President Moon Jae-in immediately accepted Li Son-yong’s resignation, making him the shortest-serving head of the country’s air force.
The head of the South Korean Air Force has resigned, apologizing and claiming responsibility for the death of a member of the force who, according to his family, took his own life after being sexually assaulted by his colleague.
Lee Sung-yong offered to step down a day after serving as Air Force chief sergeant in March for allegedly assaulting a female colleague of the same degree.
“I feel a great responsibility among the circumstances,” the general said.
“I express my deepest condolences to the victim, my sincere condolences to the families of the victims.”
President Moon Jae-in immediately accepted Lee’s resignation, his spokesman said Friday, making him South Korea’s shortest-serving air force chief since his appointment in September.
The family of the deceased reported that he suffered from mental exhaustion, “persistent violence”, and accused the air force of trying to cover up the attack and silence him for the past two months.
The case sparked public outcry after the woman’s family filed a motion with Moon’s office on Tuesday, calling for a thorough investigation and punishment of those involved. So far, more than 326,000 people have signed it.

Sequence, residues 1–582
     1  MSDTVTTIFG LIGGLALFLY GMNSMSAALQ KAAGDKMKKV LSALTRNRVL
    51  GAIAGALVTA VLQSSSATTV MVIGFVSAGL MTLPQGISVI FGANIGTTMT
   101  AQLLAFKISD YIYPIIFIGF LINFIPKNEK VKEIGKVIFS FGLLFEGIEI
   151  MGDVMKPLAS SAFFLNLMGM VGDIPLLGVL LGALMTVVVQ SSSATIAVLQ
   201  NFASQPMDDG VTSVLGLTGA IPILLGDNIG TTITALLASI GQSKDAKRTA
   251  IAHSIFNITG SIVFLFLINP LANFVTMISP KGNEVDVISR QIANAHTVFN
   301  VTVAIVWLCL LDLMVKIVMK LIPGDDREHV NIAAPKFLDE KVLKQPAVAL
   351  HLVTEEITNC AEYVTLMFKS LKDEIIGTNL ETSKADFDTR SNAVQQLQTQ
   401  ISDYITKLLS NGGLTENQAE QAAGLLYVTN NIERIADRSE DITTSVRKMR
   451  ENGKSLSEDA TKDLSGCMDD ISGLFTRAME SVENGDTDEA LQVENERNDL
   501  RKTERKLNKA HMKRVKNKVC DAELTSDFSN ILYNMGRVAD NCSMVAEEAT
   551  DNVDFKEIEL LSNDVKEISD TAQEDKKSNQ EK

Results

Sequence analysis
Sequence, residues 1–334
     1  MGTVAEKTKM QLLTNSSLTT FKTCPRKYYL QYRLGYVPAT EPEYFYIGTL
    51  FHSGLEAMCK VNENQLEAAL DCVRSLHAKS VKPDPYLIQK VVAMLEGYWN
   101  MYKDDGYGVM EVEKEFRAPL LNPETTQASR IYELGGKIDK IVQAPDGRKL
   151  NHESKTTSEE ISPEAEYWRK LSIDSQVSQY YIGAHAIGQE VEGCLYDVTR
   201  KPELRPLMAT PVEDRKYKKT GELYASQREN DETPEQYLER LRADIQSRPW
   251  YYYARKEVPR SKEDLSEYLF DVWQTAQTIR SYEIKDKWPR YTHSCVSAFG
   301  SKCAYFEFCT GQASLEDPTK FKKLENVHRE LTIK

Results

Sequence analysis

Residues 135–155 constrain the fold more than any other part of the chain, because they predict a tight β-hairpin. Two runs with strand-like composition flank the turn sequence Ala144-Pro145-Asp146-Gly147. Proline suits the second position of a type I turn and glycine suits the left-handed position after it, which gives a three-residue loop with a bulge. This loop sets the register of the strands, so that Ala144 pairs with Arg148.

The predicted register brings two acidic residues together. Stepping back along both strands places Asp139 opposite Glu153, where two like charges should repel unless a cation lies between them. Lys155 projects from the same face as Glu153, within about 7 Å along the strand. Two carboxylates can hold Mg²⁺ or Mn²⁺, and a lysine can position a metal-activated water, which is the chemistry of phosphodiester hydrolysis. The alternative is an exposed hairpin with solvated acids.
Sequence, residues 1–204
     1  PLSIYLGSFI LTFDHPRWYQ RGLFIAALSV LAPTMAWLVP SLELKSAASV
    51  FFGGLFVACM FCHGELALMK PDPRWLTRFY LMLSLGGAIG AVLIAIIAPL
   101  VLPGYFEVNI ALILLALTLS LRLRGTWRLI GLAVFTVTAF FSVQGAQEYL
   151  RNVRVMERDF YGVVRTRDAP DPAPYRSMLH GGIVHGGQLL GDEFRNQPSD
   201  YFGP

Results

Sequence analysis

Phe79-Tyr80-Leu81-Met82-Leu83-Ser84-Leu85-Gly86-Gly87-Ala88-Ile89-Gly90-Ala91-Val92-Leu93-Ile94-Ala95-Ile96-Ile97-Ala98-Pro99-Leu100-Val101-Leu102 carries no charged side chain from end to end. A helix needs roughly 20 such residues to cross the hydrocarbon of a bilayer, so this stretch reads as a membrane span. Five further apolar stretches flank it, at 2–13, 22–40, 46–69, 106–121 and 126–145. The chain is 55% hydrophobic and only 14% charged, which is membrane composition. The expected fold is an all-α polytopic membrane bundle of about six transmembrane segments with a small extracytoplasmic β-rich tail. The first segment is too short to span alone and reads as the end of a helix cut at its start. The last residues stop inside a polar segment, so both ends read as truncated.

The case is hard on Moon, whose public approval rating is steadily declining, whose party suffered crushing electoral defeats before next year’s presidential election in two major cities.
Too little, too late
Moon on Thursday ordered an investigation, including into how the air force handled the case, as the family reported three Lee Base officials to the military prosecutor’s office, accusing two of them of attempted coercion and attempted sexual assault.
The Air Force on Thursday fired two supervisors involved in Lee’s case without elaborating on why.
On Friday, military prosecutors stormed the Air Force’s military police headquarters at Lee’s base.
A number of incidents have prompted the military to tighten rules and penalties for sexual violence, but activists say the military is still very lenient with members accused of wrongdoing.
“The investigation is ongoing, but so far there have been indications that the air force has tried to protect its own organization, not the victim, despite seeking help,” a source told Reuters on condition of anonymity, citing the investigation.
The woman’s death came amid growing debate over the abolition of the All-Men project in the South.
All able-bodied male citizens have to serve for almost two years, but women can volunteer for military service.
Barracks-like violence, like other forms of abuse, has long plagued South Korea’s military service, leading to several suicides and fatal shootings in the past.
In March, transgender South Korean military, who was forcibly discharged from the army after sex reassignment surgery, took his own life, provoking another public protest.